When federal guidelines for purchasing accessible technologies in government were issued in June 2001, most people bet it would take litigation for state and local governments to adopt Section 508. Now, nearly two years later, more than a dozen states have, without lawsuit threats, adopted some version of the federal statute as policy.
Section 508 requires specific departments in the federal government to purchase technology that people with a wide range of disabilities can use. This does not mean, for example, that computers must be equipped with screen readers or other assistive technologies. It means things like fax and copy machines, PCs and Web sites must accept enabling technologies.
The federal government continues to be the nation's pilot for access guidelines and resources. Section 508 is a continuing effort, said Terry Weaver, director of the Center for Information Technology Accommodation in the General Services Administration (GSA). "I would call it a success," she said. "But it's not over. It takes a while to turn this ship around." Although Weaver and her team have focused on federal compliance, she is eager to reach out to state and local government. "I see a lot of synergy at the state level because that's where the programs are that impact citizens," she said.
The Business Case
Although there is still much to do, the introduction of Section 508 heightened awareness about accessibility and IT. In addition, major IT companies are seeing a business case for building accessible products due to growing demand for accessible technologies.
Technologies that allow people with sight, mobility, cognitive or hearing impairments to be part of the work force are slowly emerging into mainstream applications, and as this happens, prices of accessible technologies will plummet.
The major players have reached out to smaller assistive technology companies to ensure tools will work on their platforms or with their applications. IBM partnered with Crunchy Technologies, a small company headquartered in Virginia, and Microsoft is working with Macromedia, a San Francisco-based firm with an aggressive accessibility program.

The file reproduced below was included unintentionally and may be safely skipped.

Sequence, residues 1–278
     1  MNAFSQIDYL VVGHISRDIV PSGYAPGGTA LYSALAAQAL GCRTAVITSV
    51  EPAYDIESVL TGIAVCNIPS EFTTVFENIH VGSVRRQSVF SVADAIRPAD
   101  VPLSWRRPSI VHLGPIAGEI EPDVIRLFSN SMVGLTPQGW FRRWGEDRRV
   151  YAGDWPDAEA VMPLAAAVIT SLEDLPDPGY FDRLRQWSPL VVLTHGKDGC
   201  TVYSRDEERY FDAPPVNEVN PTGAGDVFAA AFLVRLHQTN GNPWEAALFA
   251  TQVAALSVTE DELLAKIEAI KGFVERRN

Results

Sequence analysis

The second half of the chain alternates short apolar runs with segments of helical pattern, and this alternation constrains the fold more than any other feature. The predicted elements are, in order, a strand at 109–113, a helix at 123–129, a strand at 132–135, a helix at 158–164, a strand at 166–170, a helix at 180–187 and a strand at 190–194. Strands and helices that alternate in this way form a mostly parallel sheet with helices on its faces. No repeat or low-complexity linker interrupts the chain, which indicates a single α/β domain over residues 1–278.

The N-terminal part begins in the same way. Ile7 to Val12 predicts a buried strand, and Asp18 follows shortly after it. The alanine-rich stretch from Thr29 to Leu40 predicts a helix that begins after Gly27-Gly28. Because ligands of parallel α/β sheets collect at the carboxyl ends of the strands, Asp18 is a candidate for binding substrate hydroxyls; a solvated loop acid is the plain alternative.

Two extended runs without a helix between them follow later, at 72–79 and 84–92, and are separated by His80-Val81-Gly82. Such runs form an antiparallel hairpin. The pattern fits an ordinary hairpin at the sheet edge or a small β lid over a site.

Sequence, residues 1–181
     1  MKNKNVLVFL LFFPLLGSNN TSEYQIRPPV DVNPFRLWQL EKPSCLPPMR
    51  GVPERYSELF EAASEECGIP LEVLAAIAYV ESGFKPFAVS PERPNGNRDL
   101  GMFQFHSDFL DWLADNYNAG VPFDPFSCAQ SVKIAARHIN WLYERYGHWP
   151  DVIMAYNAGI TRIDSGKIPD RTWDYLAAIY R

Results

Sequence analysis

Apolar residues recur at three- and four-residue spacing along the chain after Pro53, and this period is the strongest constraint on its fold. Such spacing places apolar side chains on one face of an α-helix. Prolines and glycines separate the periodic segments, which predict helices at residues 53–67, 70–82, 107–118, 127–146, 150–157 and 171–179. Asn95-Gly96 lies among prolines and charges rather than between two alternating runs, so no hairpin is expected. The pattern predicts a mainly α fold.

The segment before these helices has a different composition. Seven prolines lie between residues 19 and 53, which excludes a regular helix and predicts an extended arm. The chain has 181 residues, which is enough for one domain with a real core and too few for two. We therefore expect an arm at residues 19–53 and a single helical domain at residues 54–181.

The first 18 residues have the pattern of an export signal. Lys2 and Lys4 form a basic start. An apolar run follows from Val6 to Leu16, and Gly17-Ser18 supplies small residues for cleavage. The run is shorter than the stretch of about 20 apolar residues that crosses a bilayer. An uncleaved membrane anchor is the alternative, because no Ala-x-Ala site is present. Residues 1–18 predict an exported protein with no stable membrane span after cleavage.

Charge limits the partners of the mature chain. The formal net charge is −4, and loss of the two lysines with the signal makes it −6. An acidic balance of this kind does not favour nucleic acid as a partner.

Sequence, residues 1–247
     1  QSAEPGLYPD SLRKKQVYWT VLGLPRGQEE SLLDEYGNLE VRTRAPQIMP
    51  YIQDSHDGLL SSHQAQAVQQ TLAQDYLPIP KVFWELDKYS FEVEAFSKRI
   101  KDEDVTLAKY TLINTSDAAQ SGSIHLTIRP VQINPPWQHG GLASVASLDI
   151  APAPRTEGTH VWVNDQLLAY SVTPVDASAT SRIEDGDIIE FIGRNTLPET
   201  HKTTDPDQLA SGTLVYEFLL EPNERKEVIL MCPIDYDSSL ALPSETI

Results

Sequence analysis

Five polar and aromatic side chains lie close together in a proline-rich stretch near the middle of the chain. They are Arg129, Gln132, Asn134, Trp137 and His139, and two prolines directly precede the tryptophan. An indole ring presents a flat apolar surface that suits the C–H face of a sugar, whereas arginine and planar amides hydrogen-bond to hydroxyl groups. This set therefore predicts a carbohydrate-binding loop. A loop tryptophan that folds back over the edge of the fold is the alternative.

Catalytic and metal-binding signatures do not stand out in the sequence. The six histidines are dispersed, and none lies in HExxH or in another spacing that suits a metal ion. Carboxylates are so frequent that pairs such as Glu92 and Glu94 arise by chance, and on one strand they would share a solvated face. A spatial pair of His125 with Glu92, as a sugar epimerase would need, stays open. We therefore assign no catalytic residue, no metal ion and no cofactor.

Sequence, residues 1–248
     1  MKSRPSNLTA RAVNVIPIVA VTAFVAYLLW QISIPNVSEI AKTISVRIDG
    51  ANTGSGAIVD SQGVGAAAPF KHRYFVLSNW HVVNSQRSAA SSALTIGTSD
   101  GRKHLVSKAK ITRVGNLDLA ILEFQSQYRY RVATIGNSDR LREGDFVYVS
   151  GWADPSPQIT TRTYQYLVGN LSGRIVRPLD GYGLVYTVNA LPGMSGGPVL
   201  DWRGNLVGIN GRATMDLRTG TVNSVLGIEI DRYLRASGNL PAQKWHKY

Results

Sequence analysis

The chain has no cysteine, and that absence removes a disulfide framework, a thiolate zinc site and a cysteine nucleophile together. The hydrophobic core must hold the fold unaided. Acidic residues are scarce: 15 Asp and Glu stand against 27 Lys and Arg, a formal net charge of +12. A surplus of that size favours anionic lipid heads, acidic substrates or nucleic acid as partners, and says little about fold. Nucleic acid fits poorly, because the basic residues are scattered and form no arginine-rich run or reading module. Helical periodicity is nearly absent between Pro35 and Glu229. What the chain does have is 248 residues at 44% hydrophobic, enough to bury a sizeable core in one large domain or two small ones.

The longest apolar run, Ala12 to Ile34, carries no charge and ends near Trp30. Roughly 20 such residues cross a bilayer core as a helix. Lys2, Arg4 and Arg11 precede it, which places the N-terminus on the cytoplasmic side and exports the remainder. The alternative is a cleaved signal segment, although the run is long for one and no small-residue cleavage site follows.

On the Same Page
Nevertheless, industry leaders are calling for compatibility standards. "From a procurement standpoint, it is important to establish exactly what the standards are, and we think 508 is the best way," said accessibility advocate Michael Takamura, who is director of corporate desktops at HP. He is also concerned about states venturing out on their own. "Right now, we have 50 states going in 50 different directions."
States characteristically guard their independence and are prone to customize their policies. This tendency creates a malady that plagues governments at all levels. Disparate standards confuse and complicate adoption and compliance.
For example, some states have adopted portions of the Section 508 standards but added a requirement that vendors stipulate what elements of their proposed solution are not accessible. The federal rule asks for what is compliant. At least one state decided to start from scratch and write its own standards.
As variations creep into policy, advocates like Laura Ruby, program manager of regulatory and industry affairs for Microsoft, struggle to keep everyone on the same page. "We are trying to get the message out to state policy folks that if you are going to adopt 508-like standards, please adopt the VPAT [voluntary product accessibility template]," she said. The VPAT was developed by the Information Technology Industry Council (ITI) and GSA. "We in industry don't believe we will have the ability to build to 50 different standards," she added. "And we believe the federal 508 standards are a great framework for accessibility."
The VPAT is available online and gives IT vendors a consistent template for documenting product accessibility when responding to an RFP.
HP's Takamura agreed. "I think it is important to have legitimacy behind the accessibility effort," he